Sometimes friendship springs from where you least expect it.
Minnie has always lived with her sister Clara in her family’s beautiful, grand, yet increasingly dilapidated house Rosemount. Now in her seventies, she finds herself looking back to a life that has been shrouded with sorrow, and a painful secret that she has guarded since her teens.
Eleven-year-old Max, who lives opposite Minnie on the housing estate built in Rosemount’s grounds, has grown up happily with his single mother. But his mum has begun a new relationship and suddenly life is starting to change.
As each of them tell their stories, she via a resurrected childhood journal, him via a Dictaphone, they spot each other through their bedroom windows and slowly and hesitantly an unlikely friendship begins to form.
A friendship that might just help Max come to terms with the present and enable Minnie, finally, to lay to rest the ghosts of her past…
Max and Millie are perhaps two of the most unlikely candidates for striking up a friendship. Eleven year old Max is a sensitive and quiet soul who has been brought up by his mother after never knowing the identity of his father. Max is ok with it being just the two of them, so when his mum finds a new partner Max isn’t sure he likes the way that things are going to be from now on… Meanwhile, over the road from Max and living in beautiful-but-crumbling mansion, Rosemount, is Minnie. Living with her sister and now in her seventies, Minnie likes to spend the day thinking back to how her life used to be when her family owned Rosemount and its surrounding grounds. However, her father made the decision to sell off the land during the 1950s, leaving Rosemount now situated bang in the middle of a housing estate. Both Max and Millie decide to tell their stories. Max (who is not too keen on spelling and has a tendency to smudge his writing) does this through a dictaphone, and Millie writes all of her memories down. Things then take an unexpected turn when they spot one another through their bedroom windows and the friendship that follows is heart-warming and inspiring. Along with the telling of their stories, can their newly found companionship help them to overcome the obstacles that they face in life?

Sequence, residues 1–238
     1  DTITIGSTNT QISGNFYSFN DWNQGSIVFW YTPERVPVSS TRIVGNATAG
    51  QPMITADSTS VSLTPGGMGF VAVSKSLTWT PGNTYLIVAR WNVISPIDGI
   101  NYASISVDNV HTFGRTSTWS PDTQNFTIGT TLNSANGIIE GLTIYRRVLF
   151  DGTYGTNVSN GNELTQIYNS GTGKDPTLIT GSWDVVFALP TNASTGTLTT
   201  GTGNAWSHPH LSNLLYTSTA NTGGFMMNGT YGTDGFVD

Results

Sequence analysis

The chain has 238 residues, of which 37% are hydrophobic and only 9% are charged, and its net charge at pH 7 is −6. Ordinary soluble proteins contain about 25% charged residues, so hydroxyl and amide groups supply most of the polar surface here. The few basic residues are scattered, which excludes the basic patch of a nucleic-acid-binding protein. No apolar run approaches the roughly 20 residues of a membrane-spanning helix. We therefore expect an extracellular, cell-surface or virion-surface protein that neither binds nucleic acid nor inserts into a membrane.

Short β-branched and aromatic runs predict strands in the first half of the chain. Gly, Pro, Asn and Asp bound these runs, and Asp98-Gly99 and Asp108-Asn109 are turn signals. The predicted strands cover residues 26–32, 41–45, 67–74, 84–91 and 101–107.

Kay Langdale is an author who has always been on my radar, but I must admit that I’ve never actually got round to reading any of her work. I am truly sorry that it has taken me this long to discover such a talented and insightful writer because I absolutely adored The Comfort of Others.
It’s based around such a lovely and truly fascinating storyline. The way that these two very different but equally lost characters find solace in one another will undoubtedly leave you with a warm, fuzzy glow. They strike up a beautiful (yet tentative) friendship and watching it blossom before your very eyes is a complete joy. The set-up with Minnie in this huge, crumbling house which is sat in the middle of a housing estate was just perfect. It provided something completely different and this was The Comfort of Others all over…If I had to pick just one word to describe the story I would go for unique. I don’t think I’ve ever read anything quite like it before and as someone who reads lot, that definitely equates to this book being something of a gem.